California has extended requirements for including post-consumer material in plastic trash bags and adopted national standards on use of environmental marketing claims. Gov. Pete Wilson signed Assemblyman Byron Sher's trash-bag Assembly Bill 1851 on Oct. 12 and Sen. Tim Leslie's environmental-advertising Senate Bill 426 on Oct. 6.
Under AB 1851, plastic trash bags with a thickness of at least 0.75 mil must contain at least 20 percent recycled material as of Jan. 1, and 30 percent beginning in 1997.
``Our industry is making headway in the sense of complying with the law,'' said Tom Scott, government relations consultant with the California Film Extruders and Converters Association. ``Shifting the compliance date out by two years [from January 1995] gives them a little leeway and more time to comply.''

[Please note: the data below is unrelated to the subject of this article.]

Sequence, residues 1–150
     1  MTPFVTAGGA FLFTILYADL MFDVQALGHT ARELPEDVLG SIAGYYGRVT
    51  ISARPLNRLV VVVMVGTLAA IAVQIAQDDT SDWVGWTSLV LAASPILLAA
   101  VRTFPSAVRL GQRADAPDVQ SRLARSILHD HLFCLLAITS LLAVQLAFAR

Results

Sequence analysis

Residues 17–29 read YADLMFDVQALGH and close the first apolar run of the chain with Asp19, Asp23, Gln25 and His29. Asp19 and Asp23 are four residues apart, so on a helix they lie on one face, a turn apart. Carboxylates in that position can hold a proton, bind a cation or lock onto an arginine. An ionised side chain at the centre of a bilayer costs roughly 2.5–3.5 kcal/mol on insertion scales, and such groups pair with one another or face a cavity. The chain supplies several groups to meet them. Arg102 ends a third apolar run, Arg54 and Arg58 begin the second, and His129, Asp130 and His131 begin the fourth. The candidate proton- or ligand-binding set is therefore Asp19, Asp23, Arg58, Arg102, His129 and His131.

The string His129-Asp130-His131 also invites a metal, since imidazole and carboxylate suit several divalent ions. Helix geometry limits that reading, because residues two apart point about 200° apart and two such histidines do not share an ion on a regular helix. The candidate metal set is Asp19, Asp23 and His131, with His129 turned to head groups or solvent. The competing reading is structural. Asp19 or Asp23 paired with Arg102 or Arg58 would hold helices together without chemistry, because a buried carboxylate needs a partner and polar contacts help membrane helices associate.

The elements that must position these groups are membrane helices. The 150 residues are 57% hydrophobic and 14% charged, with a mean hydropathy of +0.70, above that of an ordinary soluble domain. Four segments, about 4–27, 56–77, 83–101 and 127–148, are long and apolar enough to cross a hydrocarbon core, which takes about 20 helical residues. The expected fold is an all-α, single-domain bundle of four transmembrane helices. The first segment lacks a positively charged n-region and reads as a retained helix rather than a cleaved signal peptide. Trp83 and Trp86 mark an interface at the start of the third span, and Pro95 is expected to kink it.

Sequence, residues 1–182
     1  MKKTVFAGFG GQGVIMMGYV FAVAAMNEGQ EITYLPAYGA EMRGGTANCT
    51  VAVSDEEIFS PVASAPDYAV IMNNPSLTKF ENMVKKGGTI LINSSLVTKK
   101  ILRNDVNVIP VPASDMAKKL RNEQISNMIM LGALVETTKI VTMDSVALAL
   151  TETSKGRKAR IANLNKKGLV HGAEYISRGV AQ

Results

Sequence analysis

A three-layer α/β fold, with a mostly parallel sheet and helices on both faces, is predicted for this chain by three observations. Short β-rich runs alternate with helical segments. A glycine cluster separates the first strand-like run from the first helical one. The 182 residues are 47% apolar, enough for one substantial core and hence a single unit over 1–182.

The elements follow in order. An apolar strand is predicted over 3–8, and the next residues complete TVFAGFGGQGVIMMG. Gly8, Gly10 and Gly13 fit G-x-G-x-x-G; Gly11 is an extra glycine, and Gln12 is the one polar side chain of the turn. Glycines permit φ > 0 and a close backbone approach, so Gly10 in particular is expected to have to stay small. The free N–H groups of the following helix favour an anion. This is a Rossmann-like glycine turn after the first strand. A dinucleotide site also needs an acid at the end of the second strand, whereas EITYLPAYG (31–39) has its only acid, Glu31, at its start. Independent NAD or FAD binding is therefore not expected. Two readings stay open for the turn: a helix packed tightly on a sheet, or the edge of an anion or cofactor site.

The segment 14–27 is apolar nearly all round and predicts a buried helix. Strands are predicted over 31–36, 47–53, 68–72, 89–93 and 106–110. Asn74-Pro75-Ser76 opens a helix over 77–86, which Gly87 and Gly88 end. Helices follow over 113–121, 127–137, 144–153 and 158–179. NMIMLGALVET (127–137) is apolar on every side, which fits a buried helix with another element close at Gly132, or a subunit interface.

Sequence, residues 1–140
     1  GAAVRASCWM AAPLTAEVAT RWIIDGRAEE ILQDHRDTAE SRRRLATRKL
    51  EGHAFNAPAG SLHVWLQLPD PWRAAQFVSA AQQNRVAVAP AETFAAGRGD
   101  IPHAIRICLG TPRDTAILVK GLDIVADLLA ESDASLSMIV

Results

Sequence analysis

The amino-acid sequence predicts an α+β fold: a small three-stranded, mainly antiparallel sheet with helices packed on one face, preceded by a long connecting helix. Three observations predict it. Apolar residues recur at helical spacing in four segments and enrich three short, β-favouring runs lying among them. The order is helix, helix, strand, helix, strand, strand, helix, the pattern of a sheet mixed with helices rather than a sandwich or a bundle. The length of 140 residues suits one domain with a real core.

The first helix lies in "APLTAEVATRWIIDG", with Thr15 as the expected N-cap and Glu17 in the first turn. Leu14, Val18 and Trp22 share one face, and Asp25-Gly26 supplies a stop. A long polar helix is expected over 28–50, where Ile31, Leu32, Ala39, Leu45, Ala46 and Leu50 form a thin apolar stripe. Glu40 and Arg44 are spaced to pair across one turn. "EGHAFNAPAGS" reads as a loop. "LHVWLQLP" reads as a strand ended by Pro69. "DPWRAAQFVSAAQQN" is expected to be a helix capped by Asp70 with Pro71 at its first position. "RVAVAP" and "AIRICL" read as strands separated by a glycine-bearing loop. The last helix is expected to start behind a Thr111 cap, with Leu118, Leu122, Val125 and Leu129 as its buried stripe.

The law exempts bags using adhesive heat-affixed straps until 1997 for those making that type bag prior to 1995. The California Integrated Waste Management Board was directed to consider petitions from those manufacturers for a variance on that product beyond the scheduled 1997 implementation.
SB 426 brings California into compliance with the Federal Trade Commission's 1992 green guides, currently under a review that includes a Dec. 7-8 public workshop.
``It was difficult to deal with state-by-state standards,'' said Dan Colegrove, manager of state affairs for the western United States with the Grocery Manufacturers Association.
In 1990, California ``was the first to have a law setting standards on labeling'' but the lack of national uniformity on environmental marketing claims was a problem, Colegrove said. Now, 15 states have adopted the FTC standards, effective July 5.
``No actions had ever been brought'' under the California law, Colegrove said, ``but the FTC has concluded 30 cases and more are in the pipeline.''